Becoming (non)violent : accountability, subjectivity and ethical non-violence in response to intimate partner violence : a thesis presented in partial fulfilment of the requirements for the degree of Doctor of Philosophy in Psychology at Massey University, Manawatū, Aotearoa New Zealand

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Massey University
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This thesis joins a movement of critical resistance and ethical activism problematising the increased institutionalisation of domestic violence interventions. A Eurocentric, capitalist, and neoliberal knowledge economy appears incapable of accounting for or accommodating the multiple, intersecting gendered social power relations and conditions of possibility that enable violence against women and children. Through a process of reflexive reading, I draw on the work of philosopher and feminist theorist Judith Butler, engaging with theories of accounting for oneself, subjectivation and ethical non-violence to analyse men and women’s narratives of (non)violence in the context of a men’s stopping violence programme. I interrogate the sociocultural regimes of intelligibility, subjectivity and morality that produce the accountability of gendered subjects of violence at sites of ethical exchange, and the consequences of such a production for those affected by, and responding to, domestic violence. Throughout the thesis, I question how systems of response and intervention reproduce power relations of domination and oppression through the production of fixed and inflexible identity categories of difference and dis-ease for targeted surveillance, regulation and discipline. Accounts of oneself are read critically as sites of embodied and embedded violence, where demands for narrative consistency and coherence enable the denial, minimisation and justification of men’s violence as a response to the risk of condemnation and subjective threat. I examine how patriarchal and colonising narratives tolerate, justify and encourage violence as a reiterative practice of hegemonic masculinity, where the embedded masculine subject self-regulates and disciplines their embodied subjectivity for authority and control within hierarchical gender binaries. I consider how feminine subjects are positioned as inferior to, or a ‘lack of’ the masculine ideal, enabling the dehumanisation, exclusion and silencing of women as objects and technologies for masculine privilege and domination. I conclude by advocating for ethical non-violence in domestic violence research and response, acknowledging our shared subordination and vulnerability to sociocultural regulatory regimes. I imagine how suspending the satisfaction of judgement and practices of patience can facilitate processes of articulation to exceed the constraints of violent subjectivities and engage in processes of ‘becoming’ within collaborative partnerships of resistance, transformation and non- violence.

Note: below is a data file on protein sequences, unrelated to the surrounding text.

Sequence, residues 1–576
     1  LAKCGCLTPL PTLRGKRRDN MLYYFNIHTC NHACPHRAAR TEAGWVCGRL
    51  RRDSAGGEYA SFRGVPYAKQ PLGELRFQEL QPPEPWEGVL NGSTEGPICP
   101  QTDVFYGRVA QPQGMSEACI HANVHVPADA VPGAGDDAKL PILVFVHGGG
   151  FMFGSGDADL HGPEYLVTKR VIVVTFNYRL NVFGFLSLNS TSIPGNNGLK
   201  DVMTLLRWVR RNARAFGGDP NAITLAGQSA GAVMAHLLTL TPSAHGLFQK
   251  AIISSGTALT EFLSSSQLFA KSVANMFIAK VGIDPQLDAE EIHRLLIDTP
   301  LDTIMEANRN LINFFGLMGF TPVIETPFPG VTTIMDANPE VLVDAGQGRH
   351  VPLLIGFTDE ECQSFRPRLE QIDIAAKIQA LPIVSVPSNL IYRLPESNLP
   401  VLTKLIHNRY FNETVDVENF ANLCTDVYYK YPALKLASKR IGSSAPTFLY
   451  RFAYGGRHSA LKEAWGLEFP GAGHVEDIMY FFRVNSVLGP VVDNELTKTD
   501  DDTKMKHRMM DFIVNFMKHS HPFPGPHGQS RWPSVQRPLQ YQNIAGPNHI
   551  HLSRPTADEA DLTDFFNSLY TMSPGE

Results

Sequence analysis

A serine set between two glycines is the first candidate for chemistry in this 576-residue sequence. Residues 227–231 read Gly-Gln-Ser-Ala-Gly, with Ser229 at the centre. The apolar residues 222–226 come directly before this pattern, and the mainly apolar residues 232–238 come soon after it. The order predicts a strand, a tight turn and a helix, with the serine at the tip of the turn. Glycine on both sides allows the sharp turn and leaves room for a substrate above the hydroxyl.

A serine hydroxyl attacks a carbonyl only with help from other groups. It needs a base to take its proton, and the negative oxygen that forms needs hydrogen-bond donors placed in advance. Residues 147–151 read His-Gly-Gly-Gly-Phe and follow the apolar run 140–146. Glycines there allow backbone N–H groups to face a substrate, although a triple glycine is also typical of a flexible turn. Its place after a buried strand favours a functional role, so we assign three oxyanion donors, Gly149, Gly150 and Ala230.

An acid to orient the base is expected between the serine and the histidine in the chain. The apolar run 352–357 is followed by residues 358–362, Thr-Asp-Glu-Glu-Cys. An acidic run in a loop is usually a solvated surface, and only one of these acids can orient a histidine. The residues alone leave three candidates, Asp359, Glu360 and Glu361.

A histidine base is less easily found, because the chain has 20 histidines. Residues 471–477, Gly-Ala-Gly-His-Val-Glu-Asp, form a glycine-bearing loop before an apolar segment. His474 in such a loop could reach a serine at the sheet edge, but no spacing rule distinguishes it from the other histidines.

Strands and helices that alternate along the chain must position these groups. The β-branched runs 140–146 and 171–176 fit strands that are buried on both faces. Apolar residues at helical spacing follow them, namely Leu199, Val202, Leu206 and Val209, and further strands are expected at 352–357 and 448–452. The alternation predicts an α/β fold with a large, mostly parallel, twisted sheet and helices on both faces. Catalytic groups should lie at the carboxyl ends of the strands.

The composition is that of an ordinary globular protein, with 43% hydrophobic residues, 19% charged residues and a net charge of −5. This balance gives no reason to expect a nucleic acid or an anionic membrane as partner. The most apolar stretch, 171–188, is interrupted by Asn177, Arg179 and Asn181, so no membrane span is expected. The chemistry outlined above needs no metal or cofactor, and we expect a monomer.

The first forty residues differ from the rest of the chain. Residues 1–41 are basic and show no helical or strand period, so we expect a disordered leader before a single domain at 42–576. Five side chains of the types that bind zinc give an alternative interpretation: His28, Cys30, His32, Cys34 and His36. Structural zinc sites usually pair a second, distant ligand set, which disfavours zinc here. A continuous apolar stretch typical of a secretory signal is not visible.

Family violence, Prevention, Violent offenders, Abused wives, Attitudes, New Zealand, Narrative inquiry (Research method), Moral and ethical aspects